Учебное пособие по дисциплине «Практический курс перевода» для студентов 5 курса



Download 135.04 Kb.
Date conversion14.06.2018
Size135.04 Kb.
TypeУчебное пособие
1   2   3


I. Translate the following phraseological units from English into Russian.

  1. to bury the hatchet

  2. the calm before the storm

  3. the cat’s whiskers / pajamas

  4. a chip off the old block

  5. to be chilled / frozen to the bone

  6. to pour / throw cold water on smth.

  7. come again?

  8. from cover to cover

  9. to pluck up one’s courage

  10. to crack a joke

  11. to cut one’s teeth on smth.

  12. a dark horse

  13. your daily bread

  14. just what the doctor ordered

  15. a doubting Thomas

  16. to drag ones feet to do smth.

  17. in the doghouse

  18. to drink like a fish

  19. at the drop of a hat

  20. till / until somebody’s dying day

II. Try to guess the meaning of these idioms from the context and translate the following sentences from English into Russian.

  1. The Prime Minister went into the negotiations like a bull in a china shop and only made the relations between the two countries worse.

  2. He was fortunate to arrive in Hollywood when the film industry was on the crest of a wave.

  3. It’ll be curtains for the business if the Bank of Tokyo doesn’t give us that loan.

  4. Why has he joined the Army of the United States? He’s really not cut out to be a soldier.

  5. It’s surprising, in this day and age, to discover that there are still many homes in Bhutan which don’t have telephones.
  6. He’s been suffering from delusions of grandeur ever since he became the manager.

  7. As for my studies at Oxford, I’ve done three out of the four parts of the course, so it should be downhill all the way from now on.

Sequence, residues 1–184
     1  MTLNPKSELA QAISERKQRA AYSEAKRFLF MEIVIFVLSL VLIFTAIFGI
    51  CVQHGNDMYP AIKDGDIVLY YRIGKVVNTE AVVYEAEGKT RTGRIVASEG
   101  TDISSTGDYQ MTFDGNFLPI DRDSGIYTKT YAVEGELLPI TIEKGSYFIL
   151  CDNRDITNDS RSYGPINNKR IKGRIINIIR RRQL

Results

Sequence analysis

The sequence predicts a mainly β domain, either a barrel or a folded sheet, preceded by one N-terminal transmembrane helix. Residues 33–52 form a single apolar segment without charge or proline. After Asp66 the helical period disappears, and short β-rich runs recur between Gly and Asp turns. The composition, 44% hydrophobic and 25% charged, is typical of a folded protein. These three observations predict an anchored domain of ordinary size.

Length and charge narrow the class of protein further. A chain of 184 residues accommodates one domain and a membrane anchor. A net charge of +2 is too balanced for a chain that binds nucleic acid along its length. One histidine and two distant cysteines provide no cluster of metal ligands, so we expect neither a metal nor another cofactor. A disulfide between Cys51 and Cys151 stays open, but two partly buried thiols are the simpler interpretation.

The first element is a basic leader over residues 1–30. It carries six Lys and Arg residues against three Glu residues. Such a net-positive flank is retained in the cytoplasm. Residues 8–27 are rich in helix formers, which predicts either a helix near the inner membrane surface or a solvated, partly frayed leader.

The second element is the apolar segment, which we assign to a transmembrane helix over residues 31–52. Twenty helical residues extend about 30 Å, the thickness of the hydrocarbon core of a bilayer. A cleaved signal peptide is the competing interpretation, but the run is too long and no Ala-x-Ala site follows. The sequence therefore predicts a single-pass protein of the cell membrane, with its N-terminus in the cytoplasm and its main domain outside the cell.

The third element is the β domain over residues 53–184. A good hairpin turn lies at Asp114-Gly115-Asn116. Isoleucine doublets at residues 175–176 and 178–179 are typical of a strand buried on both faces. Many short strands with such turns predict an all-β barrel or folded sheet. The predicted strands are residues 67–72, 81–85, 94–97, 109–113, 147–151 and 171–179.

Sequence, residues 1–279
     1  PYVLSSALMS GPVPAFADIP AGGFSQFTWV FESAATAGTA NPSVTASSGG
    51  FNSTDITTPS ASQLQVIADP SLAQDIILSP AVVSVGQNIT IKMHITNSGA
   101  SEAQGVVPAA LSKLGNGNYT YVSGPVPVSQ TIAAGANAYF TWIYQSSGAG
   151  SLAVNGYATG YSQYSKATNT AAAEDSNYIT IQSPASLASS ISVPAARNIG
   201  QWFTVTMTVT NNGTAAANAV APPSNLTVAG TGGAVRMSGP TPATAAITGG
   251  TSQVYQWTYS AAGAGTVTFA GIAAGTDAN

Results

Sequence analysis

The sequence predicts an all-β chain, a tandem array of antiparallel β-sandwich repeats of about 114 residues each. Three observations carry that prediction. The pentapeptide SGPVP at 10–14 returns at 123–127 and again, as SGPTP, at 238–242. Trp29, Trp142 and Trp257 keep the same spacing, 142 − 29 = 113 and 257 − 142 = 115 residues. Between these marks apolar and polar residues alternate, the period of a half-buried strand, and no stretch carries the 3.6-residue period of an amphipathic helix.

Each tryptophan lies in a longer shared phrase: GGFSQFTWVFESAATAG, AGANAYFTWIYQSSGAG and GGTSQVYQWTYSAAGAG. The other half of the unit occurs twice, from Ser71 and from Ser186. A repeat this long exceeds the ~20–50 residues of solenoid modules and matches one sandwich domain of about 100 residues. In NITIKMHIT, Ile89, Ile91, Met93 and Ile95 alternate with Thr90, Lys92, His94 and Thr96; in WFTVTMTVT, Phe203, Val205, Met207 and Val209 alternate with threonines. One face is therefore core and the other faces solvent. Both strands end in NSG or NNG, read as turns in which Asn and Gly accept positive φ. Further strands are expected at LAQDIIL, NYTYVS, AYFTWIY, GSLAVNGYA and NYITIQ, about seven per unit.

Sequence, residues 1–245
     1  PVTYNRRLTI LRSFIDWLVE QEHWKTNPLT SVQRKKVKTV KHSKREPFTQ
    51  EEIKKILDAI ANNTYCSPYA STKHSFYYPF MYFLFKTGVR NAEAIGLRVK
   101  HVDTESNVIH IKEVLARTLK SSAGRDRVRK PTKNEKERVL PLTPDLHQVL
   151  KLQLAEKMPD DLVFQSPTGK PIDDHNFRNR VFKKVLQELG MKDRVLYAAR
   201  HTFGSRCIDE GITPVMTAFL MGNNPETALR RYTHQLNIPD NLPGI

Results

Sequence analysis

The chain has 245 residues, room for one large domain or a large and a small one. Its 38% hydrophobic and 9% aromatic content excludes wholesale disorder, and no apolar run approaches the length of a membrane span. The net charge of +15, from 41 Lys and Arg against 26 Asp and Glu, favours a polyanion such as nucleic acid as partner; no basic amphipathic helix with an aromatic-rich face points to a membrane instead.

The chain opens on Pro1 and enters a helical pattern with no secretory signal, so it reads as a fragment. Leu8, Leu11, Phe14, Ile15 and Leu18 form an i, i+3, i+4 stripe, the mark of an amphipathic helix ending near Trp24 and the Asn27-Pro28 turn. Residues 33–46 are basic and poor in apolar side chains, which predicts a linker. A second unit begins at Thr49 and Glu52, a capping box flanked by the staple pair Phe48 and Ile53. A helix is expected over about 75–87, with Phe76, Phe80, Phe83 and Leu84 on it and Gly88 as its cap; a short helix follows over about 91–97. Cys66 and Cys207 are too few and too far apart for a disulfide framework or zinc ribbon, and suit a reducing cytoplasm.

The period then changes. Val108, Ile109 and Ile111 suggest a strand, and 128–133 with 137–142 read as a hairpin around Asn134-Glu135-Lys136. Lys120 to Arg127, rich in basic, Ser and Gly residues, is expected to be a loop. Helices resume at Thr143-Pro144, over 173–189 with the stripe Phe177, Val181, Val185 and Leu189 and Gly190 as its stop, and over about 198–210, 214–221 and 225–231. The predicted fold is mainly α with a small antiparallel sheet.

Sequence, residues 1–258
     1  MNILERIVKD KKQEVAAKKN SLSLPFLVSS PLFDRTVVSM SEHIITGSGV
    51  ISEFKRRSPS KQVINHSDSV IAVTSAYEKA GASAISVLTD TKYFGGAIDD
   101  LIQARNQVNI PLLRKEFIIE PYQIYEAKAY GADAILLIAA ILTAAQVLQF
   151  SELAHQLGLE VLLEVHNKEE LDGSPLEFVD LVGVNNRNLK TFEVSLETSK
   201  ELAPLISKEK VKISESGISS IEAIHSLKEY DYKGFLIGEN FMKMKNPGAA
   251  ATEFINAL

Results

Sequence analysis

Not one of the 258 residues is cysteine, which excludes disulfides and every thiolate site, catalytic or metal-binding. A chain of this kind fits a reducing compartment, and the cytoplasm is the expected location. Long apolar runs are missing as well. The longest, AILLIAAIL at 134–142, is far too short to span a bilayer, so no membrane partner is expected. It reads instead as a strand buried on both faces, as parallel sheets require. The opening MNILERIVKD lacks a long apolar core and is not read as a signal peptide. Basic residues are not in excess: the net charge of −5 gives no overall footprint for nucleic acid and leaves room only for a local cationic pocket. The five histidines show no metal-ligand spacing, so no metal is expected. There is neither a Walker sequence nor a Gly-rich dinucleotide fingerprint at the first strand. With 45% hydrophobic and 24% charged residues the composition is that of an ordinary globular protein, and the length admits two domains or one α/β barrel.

8. The neighbouring country paid back the money slowly, it was all in dribs and drabs.

  9. I had to eat humble pie when Harry, who I said would never have any success, got the first prize at the Olympics in London.

  10. The high spot of our tour round Europe was the visit to Rome.

  11. Custom rules the law in this country.

III. Fill in the missing similes in the sentences below with one of the expressions in brackets (as easy as falling off a log, as dry as a bone, as red as a beetroot, as quick as a flash, as hard as iron, as bold as brass, as deaf as a post, as mad as a hatter, as white as snow, as sick as a parrot). Translate the sentences from English into Russian.

1. The bed was ……. and I couldn't sleep.

2. I'll give this plant some water. The soil's……

3. He's……. He crossed the Atlantic in a bathtub.

4. She told the teacher, ……. , that his lessons were boring.

5. You'll have to speak up; he's……..

6. Don't worry. Using the computer's…….

7. She knew the answer…….

8. When I told him, his face went…….

9. The Princess's skin was……..

10. She ran off with my money; I felt……

VI. Translate the following idioms into Russian.

1. Jo's as happy as the day is long.

2. Mary seems to be on cloud nine these days.

3. She seems to be keeping her chin up.

4. He had a face as long as a fiddle.

5. She certainly looked down in the dumps.

6. Mark was like a bear with a sore head.

7. I could eat a horse!

8. I'm feeling all in.

9. I suddenly felt as if my head was going round.

10. I was almost at death's door last week!

11. She frightened the life out of him.

12. We were all shaking in our shoes.